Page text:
Not that I’m done or anything, far from it, but I spent a half-decade perfecting my craft before I really started to “build a personal brand,” or whatever. Instead, I worked on perfecting the style I have now — presenting my observations as a student of life in my own right, not telling people exactly what to do, but rather how I did it and how they can possibly do it too by taking similar steps.
If I had come out of the gate blasting social media content about how to change your life without first changing my own life, it would have rung hollow as most self-help content seems to. I focused on trying to get really good and having a really measured message to get where I am today.
As a result of that, I now have a platform, an audience, a fan base, the numbers, the metrics, the clout. Most people don’t want to go this route because it’s … hard. No, instead, they want the credit upfront.
Ask yourself, why should your friends, family, peers, and the random abyss of potential tribe members online give a flying fuck about what you’re doing?
Like, are they supposed to be jumping for joy because you started a little blog two months ago and posted some cute little content on social media?
In fact, the default state of people not believing in you is the proper stance for them to take because most people are full of shit.
I’ve long been searching for the answer to this ailment. I don’t know quite what causes it, but I know this faulty attitude when I see it — the “build it and they will come” mindset. You think that the mere fact you’re trying to go on this mission counts. It doesn’t. Not at all.
Outcomes matter. And the truth of the matter is people will only want to deal with you and respect your hustle long after you’ve put the work in. They want the finished product.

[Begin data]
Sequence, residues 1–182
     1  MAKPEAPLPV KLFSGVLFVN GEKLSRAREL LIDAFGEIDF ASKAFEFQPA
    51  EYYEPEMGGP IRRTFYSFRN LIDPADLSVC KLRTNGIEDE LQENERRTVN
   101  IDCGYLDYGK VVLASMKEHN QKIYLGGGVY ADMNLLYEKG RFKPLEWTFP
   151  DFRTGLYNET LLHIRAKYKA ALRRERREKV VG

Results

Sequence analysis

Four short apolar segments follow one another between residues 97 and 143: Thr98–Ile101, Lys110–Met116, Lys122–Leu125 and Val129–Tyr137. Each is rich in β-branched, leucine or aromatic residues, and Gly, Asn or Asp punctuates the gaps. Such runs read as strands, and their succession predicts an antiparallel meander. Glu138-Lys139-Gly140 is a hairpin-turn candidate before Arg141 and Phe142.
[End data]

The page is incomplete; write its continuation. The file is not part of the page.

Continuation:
Now people want to “pick my brain,” constantly. And if it doesn’t take up to much time, I’ll let them. But I almost never give them the full truth.
Why? Let me explain.
When I give advice as part of my real work, I put my all into it, try to present every different angle possible, and pepper my suggestions with caveats because I know how nebulous and even dangerous giving advice can be.
But when it comes to people close to me who want advice, I keep it bland and generic.
Why? Because they don’t really want to see how the sausage is made.
I know my progress excites them, but I also know they’re not really ready to hear the entirety of what I know.
Last night, I went to dinner with a friend who wants to become a writer himself. I gave him the bullet points. I even gave him more detail and nuance as I could see that he did seem to be earnest about wanting to start.
Even so, I didn’t paint the picture of just how hard it will be to get his writing career off the ground. He will have to find that out for himself.
You will have to find that out for yourself, too.
Here’s what will happen when you try to do this whole unconventional life path thingy. On an almost daily basis, for years, you’ll be astounded by how much you didn’t know you didn’t know about the process of becoming successful. The skills on top of skills, each embedded with micro-skills on top of micro-skills.
You’ll understand the phrase, “If I knew upfront how much work it would be, I’d of never gotten started.” After doing all of that work, you’ll be reluctant to give your friends advice. You come full circle.
In the beginning, you’ll want to “preach the gospel” because you’re excited about personal development, and no one will care. When you have a bit of an arrival, you’ll be barraged with requests for advice, and you won’t want to give it.
What exactly am I trying to say here?
I’m a self-help writer who promotes his work, but not too overtly, who will give advice to friends, but not fully, who wants to help others, but knows he can’t save many or even most people.
I’ve settled into this ethos for my life:
I’m only here to provide the message for people who are ready and willing to receive it. Not only do I know that I’ll only truly help maybe five percent of the people I come into contact with, but my entire mission in life is to help this small group of people.
I’m an optimist, but not a utopian. I’m ambitious, but I’m also realistic. I will be here for you, and anyone else, always, but I know I’ll change a few lives at best if I’m lucky. And that would mean the world to me. It will satisfy both my altruistic and selfish desires. I have both.
What I have, and what I want to give you, is that core sense of confidence that:
If you can get to that place, the place where the world opens up to you and you have the full intention of helping combined with the full lack of a need for a specific outcome, you’ll have escaped the matrix.
Reality will belong to you.
It’s nice. I’m not gonna lie.